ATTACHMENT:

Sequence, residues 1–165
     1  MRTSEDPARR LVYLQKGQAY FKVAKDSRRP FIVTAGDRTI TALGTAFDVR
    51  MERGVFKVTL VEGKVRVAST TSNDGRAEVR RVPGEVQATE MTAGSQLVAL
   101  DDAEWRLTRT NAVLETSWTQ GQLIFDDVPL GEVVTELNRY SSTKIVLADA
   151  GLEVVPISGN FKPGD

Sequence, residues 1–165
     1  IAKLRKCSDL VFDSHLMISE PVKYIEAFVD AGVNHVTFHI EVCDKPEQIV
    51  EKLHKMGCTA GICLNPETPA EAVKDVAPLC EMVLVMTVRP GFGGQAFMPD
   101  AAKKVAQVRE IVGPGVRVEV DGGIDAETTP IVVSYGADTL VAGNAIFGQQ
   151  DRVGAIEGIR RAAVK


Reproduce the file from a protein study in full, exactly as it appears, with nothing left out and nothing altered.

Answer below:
Sequence, residues 1–165
     1  MRTSEDPARR LVYLQKGQAY FKVAKDSRRP FIVTAGDRTI TALGTAFDVR
    51  MERGVFKVTL VEGKVRVAST TSNDGRAEVR RVPGEVQATE MTAGSQLVAL
   101  DDAEWRLTRT NAVLETSWTQ GQLIFDDVPL GEVVTELNRY SSTKIVLADA
   151  GLEVVPISGN FKPGD

Sequence, residues 1–165
     1  IAKLRKCSDL VFDSHLMISE PVKYIEAFVD AGVNHVTFHI EVCDKPEQIV
    51  EKLHKMGCTA GICLNPETPA EAVKDVAPLC EMVLVMTVRP GFGGQAFMPD
   101  AAKKVAQVRE IVGPGVRVEV DGGIDAETTP IVVSYGADTL VAGNAIFGQQ
   151  DRVGAIEGIR RAAVK